Decision-making from the point of view of nature.
Nature has a teleological approach to its information processing and decision-making structures, clearly allocating functions to a hierarchy of units whether it is a group of cells in the body, a bee-hive or a wolf pack. In the same way the effective running of a business requires there be only a few leaders, but a larger number of customer-facing workers to manage and meet the expectations of customers.
My town of Colchester is going through a review of the number of elected councillors that would best serve its needs. Colchester council has a decision-making structure called a cabinet numbering only 8 of the 60 councillors, who make most of the important decisions, the rest of the councillors have little say in what goes on in the council. From a business and natural point of view I think the cabinet-style of decision-making is good, as too many managers can wreck an effective organisation. The Colchester cabinet is like the queen bee, and the rest of the councillors are like worker bees.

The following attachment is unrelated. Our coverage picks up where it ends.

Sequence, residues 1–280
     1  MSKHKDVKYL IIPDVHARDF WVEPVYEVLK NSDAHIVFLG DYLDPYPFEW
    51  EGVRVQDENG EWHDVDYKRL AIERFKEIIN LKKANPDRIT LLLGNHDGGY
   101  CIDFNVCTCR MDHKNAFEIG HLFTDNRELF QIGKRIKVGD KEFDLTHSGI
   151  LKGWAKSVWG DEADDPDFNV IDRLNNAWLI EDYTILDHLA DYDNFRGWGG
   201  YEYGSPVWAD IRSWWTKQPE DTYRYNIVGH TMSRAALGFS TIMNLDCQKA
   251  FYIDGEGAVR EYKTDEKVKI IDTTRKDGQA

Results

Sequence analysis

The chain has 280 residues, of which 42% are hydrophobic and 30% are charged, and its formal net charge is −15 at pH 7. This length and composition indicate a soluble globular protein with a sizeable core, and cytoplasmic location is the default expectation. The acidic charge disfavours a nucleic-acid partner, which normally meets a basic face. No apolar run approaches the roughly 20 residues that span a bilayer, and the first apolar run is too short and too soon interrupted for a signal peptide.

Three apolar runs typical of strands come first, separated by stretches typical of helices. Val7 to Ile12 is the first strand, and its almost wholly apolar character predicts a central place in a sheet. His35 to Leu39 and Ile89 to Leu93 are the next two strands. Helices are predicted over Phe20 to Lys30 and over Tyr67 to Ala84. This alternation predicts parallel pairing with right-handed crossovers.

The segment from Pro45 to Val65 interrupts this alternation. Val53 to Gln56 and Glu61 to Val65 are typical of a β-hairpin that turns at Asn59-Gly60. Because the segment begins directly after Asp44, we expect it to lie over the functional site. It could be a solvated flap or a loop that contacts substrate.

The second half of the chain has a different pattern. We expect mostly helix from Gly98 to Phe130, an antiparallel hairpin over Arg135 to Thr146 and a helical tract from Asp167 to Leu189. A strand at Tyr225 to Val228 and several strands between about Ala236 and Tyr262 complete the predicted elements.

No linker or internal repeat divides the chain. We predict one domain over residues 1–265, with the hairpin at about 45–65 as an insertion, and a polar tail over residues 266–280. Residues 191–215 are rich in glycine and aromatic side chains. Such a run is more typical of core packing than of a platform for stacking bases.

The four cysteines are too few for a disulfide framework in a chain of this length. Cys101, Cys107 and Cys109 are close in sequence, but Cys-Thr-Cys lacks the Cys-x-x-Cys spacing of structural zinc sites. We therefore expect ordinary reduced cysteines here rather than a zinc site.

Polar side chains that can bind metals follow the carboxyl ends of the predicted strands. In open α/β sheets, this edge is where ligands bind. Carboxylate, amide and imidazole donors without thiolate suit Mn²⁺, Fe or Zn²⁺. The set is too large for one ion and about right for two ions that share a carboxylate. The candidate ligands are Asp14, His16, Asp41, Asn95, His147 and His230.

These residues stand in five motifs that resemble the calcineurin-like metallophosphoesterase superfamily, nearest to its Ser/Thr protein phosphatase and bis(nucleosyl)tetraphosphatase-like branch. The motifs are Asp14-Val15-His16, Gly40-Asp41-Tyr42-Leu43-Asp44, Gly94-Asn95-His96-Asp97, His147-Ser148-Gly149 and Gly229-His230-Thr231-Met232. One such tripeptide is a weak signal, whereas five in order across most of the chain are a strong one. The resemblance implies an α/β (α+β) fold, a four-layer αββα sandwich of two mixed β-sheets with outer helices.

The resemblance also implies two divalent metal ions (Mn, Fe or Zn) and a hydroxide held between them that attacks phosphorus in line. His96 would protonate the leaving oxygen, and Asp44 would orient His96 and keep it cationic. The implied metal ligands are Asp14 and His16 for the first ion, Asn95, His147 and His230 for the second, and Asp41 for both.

Like the worker bee the 52 councillors outside of the Colchester eight-strong cabinet have little say in the overall hive, but a hive cannot work unless there are a lot of worker bees to serve it. The 52 councillors are important as the customer-facing lines of communication between a fast growing Colchester population and its central body the council; they are the eyes, ears, face and contact point between resident and council. There are proposals to cut the overall number of councillors from 60 to 51, in an area that will jump from 176,000 to 207,000 population in a few years. Some argue for leaving the number at 60, I went against everyone and entered an argument to the official review commission opposing any decrease in councillors, and increasing it to 69.
I come to conclusions based on what I see in nature.